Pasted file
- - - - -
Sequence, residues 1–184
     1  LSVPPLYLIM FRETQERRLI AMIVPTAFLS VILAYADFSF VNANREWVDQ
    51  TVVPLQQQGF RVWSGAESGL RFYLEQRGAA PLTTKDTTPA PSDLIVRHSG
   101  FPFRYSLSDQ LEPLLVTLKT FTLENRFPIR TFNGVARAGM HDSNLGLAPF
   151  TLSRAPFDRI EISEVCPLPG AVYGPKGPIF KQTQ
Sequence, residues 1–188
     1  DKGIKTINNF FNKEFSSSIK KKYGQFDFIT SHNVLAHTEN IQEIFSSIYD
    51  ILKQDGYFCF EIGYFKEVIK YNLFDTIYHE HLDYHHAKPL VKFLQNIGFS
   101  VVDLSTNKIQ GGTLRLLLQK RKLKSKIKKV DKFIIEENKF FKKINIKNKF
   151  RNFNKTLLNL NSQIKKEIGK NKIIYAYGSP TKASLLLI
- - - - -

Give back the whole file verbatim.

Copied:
Sequence, residues 1–184
     1  LSVPPLYLIM FRETQERRLI AMIVPTAFLS VILAYADFSF VNANREWVDQ
    51  TVVPLQQQGF RVWSGAESGL RFYLEQRGAA PLTTKDTTPA PSDLIVRHSG
   101  FPFRYSLSDQ LEPLLVTLKT FTLENRFPIR TFNGVARAGM HDSNLGLAPF
   151  TLSRAPFDRI EISEVCPLPG AVYGPKGPIF KQTQ
Sequence, residues 1–188
     1  DKGIKTINNF FNKEFSSSIK KKYGQFDFIT SHNVLAHTEN IQEIFSSIYD
    51  ILKQDGYFCF EIGYFKEVIK YNLFDTIYHE HLDYHHAKPL VKFLQNIGFS
   101  VVDLSTNKIQ GGTLRLLLQK RKLKSKIKKV DKFIIEENKF FKKINIKNKF
   151  RNFNKTLLNL NSQIKKEIGK NKIIYAYGSP TKASLLLI